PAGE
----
Tips & Techniques:DRUMS - tuning toms for pitch bend - a formula
A few months ago I picked up the DTS tuning system ( http://www.youtube.com/watch?v=JYxBNrq8Idc ), which turns out to be pretty useful for quickly auditioning different head tension combinations. One of the things it's really good at is rapidly dialing in pitch bend on a tom. By sweeping through resonant head tensions while striking the batter, you can clearly hear the bend effect come into and out focus as you move through the zone in which it naturally occurs.
Curious, I began taking DrumDial measurements as I swept through tension ranges, top and bottom. What I've found is that true, deep pitch bend only occurs at one very specific combination of batter and resonant tensions. Those DrumDial measurements are as follows:
two-ply batter over single-ply reso: 75 over 68
single-ply batter over single-ply reso: 70 over 65
Not only that, but I've since tested these numbers on a fairly wide variety of toms, from a 10" DW birch fusion tom with G2s, to a huge 18" Ludwig classic maple floor tom with Hydraulics, and remarkably, they worked every time. The only variable, as noted above, is head selection: two-ply batters require the higher tension numbers to get in the zone.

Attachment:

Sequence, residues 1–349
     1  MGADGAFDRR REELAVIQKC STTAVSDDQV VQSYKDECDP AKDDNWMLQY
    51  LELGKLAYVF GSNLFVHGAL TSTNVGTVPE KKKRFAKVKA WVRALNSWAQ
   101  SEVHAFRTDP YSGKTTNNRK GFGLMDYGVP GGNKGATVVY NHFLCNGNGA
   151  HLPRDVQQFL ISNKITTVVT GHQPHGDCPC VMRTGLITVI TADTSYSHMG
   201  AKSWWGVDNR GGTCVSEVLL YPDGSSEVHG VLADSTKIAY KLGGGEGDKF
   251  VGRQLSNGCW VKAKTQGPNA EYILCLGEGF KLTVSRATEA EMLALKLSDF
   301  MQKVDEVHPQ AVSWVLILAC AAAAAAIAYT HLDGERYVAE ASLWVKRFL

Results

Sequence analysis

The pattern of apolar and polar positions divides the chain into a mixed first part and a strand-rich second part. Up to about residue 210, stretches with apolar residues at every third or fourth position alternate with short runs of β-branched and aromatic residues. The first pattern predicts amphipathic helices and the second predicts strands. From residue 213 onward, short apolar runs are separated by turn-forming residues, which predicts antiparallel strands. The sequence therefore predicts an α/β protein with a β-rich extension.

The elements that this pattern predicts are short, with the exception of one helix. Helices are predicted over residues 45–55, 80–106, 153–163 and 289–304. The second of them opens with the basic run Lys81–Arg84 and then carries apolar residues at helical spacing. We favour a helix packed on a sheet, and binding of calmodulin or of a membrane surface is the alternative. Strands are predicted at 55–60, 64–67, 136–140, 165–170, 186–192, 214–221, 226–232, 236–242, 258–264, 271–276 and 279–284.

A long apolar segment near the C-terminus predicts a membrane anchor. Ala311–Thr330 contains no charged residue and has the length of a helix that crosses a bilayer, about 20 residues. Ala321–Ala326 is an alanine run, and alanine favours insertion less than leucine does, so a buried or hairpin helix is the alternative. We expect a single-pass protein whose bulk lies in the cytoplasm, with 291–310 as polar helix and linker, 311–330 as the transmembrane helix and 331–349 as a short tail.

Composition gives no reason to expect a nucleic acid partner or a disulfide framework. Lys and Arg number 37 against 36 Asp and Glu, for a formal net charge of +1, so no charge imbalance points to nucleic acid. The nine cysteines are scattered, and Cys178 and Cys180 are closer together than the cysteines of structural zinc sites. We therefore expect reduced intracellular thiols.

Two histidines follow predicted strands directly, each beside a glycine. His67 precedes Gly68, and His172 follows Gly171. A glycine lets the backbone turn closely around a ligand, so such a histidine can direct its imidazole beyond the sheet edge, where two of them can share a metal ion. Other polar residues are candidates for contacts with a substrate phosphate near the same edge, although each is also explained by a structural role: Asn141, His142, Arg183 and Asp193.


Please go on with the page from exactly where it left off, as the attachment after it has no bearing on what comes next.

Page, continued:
I have to say, it's pretty cool to quickly tune a tom one head at a time, 75 over 68, flip it back right side up, hit it, and instantly hear pitch bend on the first strike. I tuned a friend's kit in a matter of minutes using this method and they were blown away by how good it sounded.
Note that tuning this way also moots the issue of pitching a set of toms. Since head tension is the same for each drum, pitch dispersion across the set is entirely relative to drum size. This is a great way to avoid selecting wildly incompatible pitches that wouldn't mesh as a group.
I'm curious if anyone with a DrumDial can duplicate any of this on their kit, with whatever heads they've currently got installed.
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|29th November 2008||#1|
Joined: Aug 2008
|30th November 2008||#2|
Joined: Feb 2008
Location: Brooklyn, NYC
Cool. Here are a couple samples.
The big toms are a $3,000 Ludwig classic maple Zep Set, 14", 16", and 18" with coated emperors on top and coated ambassadors on the bottom. The smaller toms are from a $400 Ludwig Accent CS silver sparkle kit -- 12", 13", 16" power toms, made of mystery wood ("select veneers") and with the stock mystery heads ("Made by Remo in China").
Close mics are Sennheiser e604s with a pair of Beyer M160s on overheads. A little eq to subtract a few db at 500hz and a little compression. Izotope Ozone on the two bus, -3 on the loudness maximizer. That's it.
Good tuning really equalizes the kits to an embarrassing degree. Not only that, but the cheap toms don't sustain as long as the maples, and so require no gating to shape the tail. Go figure.
|3rd December 2008||#4|
I like the way this is going so I have copied it into the Tips & Techniques section..
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